Her most recent exhibit, Metaphors, purports to be one unified show. But I don't see how the works of the two artists in the front who do representational pieces with a retro mid-century quality have anything to do with the lyrical and organic abstract pieces by four artists in the back room.
To me, it only makes sense to talk about these two parts of the show separately.
In the front, Meagen Svendsen created an ambitious installation about mechanized communication called “A Little Birdy Told Me." Svendsen put up a telephone pole, anchored to the floor with a concrete pad, and a fragment of another pole that’s been placed on top of a wall. She strung the poles with telephone wires, making a highly accurate and nearly full-scale model of telephone lines. Carrying the theme further, she covered the north wall of the entry in cast-ceramic telephones — a 1970s model — all done in the same creamy glaze. Adorning the telephones are small, hand-formed bird sculptures and cast hands. The old-looking phones and the genuinely old poles are brought into the present by the birds, which are, after all, known for their tweets. Hand-signal sculptures, displayed adjacently, also evoke time travel, since they function like emojis, conveying emotional responses, as with the “A-OK” gesture.
The other half of this separate duo within Metaphors is Peter Illig, whose suite of paintings combine figural imagery with slogans written out in old-fashioned cursive made of neon tubes. For many years, Illig has been inspired by ’40s, ’50s and ’60s pulp-style illustrations, but using neon signage is a recent development. When I first saw images of this body of work some months ago, I was afraid the glare of the neon would blow away the more subtle visual effects of the painted parts. However, in person, the two disparate components complement each other, since Illig has carefully moderated the luminosity of the neon and wisely toned up the colors he uses in his paintings.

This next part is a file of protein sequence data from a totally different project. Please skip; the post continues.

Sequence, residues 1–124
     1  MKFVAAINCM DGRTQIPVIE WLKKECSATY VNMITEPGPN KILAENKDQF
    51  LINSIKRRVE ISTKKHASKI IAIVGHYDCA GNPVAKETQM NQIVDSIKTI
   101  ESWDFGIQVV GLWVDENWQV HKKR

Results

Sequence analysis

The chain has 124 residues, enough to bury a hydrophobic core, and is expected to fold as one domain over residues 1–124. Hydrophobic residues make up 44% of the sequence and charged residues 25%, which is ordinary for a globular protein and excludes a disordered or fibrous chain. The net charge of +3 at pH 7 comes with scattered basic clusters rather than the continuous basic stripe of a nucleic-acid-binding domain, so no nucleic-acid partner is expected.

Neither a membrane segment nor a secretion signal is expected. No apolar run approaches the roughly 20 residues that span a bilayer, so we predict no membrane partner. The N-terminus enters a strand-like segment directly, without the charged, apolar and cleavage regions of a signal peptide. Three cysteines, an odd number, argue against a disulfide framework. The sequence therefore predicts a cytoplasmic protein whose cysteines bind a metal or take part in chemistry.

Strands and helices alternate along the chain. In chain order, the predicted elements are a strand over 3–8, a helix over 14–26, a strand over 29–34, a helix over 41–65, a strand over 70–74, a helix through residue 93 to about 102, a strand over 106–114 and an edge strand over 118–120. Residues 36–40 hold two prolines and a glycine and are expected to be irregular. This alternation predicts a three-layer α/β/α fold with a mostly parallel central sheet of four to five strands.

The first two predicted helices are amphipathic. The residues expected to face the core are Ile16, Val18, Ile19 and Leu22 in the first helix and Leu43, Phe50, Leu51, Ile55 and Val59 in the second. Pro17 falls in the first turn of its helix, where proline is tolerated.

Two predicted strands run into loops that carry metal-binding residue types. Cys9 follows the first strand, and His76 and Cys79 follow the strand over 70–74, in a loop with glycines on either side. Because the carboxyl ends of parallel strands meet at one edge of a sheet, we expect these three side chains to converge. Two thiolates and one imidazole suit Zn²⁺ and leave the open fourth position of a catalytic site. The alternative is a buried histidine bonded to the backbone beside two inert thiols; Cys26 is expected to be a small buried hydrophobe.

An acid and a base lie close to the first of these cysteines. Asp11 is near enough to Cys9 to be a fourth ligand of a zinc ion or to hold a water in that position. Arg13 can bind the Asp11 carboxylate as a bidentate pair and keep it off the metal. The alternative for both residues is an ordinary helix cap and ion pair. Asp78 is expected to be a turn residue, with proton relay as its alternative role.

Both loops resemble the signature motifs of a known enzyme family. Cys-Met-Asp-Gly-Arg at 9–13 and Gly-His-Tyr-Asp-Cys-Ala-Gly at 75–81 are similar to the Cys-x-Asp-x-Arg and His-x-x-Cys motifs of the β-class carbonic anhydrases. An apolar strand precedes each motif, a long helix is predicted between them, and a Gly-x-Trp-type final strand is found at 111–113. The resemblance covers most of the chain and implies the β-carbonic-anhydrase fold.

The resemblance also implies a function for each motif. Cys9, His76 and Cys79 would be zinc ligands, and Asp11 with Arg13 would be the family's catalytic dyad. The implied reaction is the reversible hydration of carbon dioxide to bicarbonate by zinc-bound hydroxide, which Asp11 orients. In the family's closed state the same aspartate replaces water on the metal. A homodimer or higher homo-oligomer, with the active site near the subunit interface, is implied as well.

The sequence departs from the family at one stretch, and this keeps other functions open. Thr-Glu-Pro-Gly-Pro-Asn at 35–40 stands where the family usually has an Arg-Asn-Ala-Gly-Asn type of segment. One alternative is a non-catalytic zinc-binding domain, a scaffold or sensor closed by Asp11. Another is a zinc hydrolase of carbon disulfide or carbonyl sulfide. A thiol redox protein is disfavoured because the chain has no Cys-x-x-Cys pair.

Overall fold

The second part of Metaphors couldn’t be more different from this initial section. The work in the front is bold and in-your-face, whereas the works extending into the back are fairly subtle. The latter group includes Farida Hughes's dense abstractions, reminiscent of floral compositions, in which dots of paint float below thick layers of transparent resin. Beyond are Patricia Finley's color fields, with rudimentary renditions of the mountains in paint and resin. Opposite are some splattered ink drawings by Andrew Marcus that reflect on his interest in dance. Finally, the whole thing wraps up with Ana Zanic's gesture abstracts, which recall natural imagery.
Metaphors runs through June 17 at Walker Fine Art, 300 West 11th Avenue, #A, 303-355-8955, walkerfineart.com.